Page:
Argued for the rights of the craftsman and the worker
William Morris is probably best remembered as a craftsman, artist and designer, famous for his floral motifs and highly ornate wallpapers which have influenced house design and decoration for generations since.
But he was also a political activist. The Arts and Crafts Movement, with which he was deeply involved, took as its starting point a desire to celebrate the integrity of English art and design and the honest craftsmanship of beautiful objects.
Morris believed this had been spoiled by the mass-production of objects d’art and items of decor, so loved by Victorian Britain. His regard for the humble craft-artist led him to become a political activist, joining the Social Democratic Federation and, later, the Socialist League. He sought to raise the profile of the rights of the worker to happiness, freedom and a sense of worth.
Morris saw little point in working in a job which provided limited satisfaction to the worker and limited happiness. Of course, he was incredibly rich so perhaps had more freedom than most, but his theories of the rights of a worker are notably irrespective of income.
He questioned how, after thousands of years of human experience we, the ‘civilised’ people of the Western world, have managed to create a society where there is still enormous poverty, idleness and so many people are employed in unproductive jobs –a world where we can almost create unhappiness for ourselves.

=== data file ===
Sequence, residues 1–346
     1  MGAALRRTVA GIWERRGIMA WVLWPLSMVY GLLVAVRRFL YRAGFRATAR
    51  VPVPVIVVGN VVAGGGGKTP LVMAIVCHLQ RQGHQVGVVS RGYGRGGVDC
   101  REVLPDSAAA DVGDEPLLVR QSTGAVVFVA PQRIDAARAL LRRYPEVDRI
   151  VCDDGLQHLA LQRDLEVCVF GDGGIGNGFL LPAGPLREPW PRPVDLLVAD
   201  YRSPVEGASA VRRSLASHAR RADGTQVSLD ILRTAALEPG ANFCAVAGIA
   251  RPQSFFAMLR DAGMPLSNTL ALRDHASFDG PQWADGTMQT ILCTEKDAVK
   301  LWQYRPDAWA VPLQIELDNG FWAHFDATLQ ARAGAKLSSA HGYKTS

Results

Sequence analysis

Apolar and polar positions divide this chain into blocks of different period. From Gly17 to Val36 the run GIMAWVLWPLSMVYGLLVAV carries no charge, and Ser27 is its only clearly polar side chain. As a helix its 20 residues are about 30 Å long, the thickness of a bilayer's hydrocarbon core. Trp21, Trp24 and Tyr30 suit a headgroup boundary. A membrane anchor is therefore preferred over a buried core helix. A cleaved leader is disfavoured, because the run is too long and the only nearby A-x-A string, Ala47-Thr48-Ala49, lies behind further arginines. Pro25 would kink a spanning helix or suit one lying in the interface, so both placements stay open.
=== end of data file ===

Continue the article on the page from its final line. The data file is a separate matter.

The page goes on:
It is important to remember that Morris was writing at the time of workhouses and factories, when Victorian businessmen became rich at the expense of the toil of many hundreds or even thousands of factory workers.
In order to try and overturn this circumstance, Morris claimed, society needs to free people from the compulsion to labour needlessly. This will, in the long run, make us happier as a society.
Morris was concerned with productivity and fairness. He suggests that each person, whatever their social standing or occupation, should be able to share in the fruits of their own success – a fairness of economics if you like.
In such a fair society, where labour and profit are shared amongst all, everyone gets a good rest after a hard day’s work and we all become much happier. But for his plan to work, he points out, whatever labour workers perform needs to be ‘attractive’ – in others words, enjoyable.
How do we make labour attractive?
“The first step of freeing people from the compulsion to labour needlessly will at least put us on the way towards this happy end; for we shall then have time and opportunities for bringing it about.“ (1)
Morris suggests the answer lies in employees feeling a sense of well-being in the workplace. Workers should feel that their contribution is useful; that they have a variety of tasks as part of their job; that they don’t have to work excessively long days, and that they work in pleasant surroundings. Importantly he also highlights peace as being important in securing a path to happiness.
“We have seen that the work of the world might be carried on in hope and with pleasure if it were not wasted by folly and tyranny, by the perpetual strife of opposing classes.“ (2)
(1) Morris, William Useful Work versus Useless Toil, lecture given to Hampstead Liberal Club, 1884, (first published 1888 ) From Useful Work versus Useless Toil, (Penguin Great Ideas, London, 2008), p.13
(2) ibid, p.28